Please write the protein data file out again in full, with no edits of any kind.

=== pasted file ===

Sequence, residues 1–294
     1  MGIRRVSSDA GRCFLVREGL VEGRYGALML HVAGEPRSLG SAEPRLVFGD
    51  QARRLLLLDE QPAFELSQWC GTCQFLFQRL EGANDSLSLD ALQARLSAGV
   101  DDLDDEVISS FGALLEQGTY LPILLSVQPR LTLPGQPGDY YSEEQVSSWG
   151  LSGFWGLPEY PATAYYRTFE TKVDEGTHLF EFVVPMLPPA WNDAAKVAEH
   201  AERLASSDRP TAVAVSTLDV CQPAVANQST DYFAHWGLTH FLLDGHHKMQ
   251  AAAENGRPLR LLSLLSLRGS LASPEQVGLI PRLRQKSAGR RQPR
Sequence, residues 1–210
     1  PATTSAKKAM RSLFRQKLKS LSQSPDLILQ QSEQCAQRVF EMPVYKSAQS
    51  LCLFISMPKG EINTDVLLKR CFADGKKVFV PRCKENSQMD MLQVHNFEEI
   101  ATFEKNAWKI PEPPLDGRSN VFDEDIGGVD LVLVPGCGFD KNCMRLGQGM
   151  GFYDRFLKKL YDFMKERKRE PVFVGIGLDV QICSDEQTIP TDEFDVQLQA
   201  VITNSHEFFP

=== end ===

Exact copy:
Sequence, residues 1–294
     1  MGIRRVSSDA GRCFLVREGL VEGRYGALML HVAGEPRSLG SAEPRLVFGD
    51  QARRLLLLDE QPAFELSQWC GTCQFLFQRL EGANDSLSLD ALQARLSAGV
   101  DDLDDEVISS FGALLEQGTY LPILLSVQPR LTLPGQPGDY YSEEQVSSWG
   151  LSGFWGLPEY PATAYYRTFE TKVDEGTHLF EFVVPMLPPA WNDAAKVAEH
   201  AERLASSDRP TAVAVSTLDV CQPAVANQST DYFAHWGLTH FLLDGHHKMQ
   251  AAAENGRPLR LLSLLSLRGS LASPEQVGLI PRLRQKSAGR RQPR
Sequence, residues 1–210
     1  PATTSAKKAM RSLFRQKLKS LSQSPDLILQ QSEQCAQRVF EMPVYKSAQS
    51  LCLFISMPKG EINTDVLLKR CFADGKKVFV PRCKENSQMD MLQVHNFEEI
   101  ATFEKNAWKI PEPPLDGRSN VFDEDIGGVD LVLVPGCGFD KNCMRLGQGM
   151  GFYDRFLKKL YDFMKERKRE PVFVGIGLDV QICSDEQTIP TDEFDVQLQA
   201  VITNSHEFFP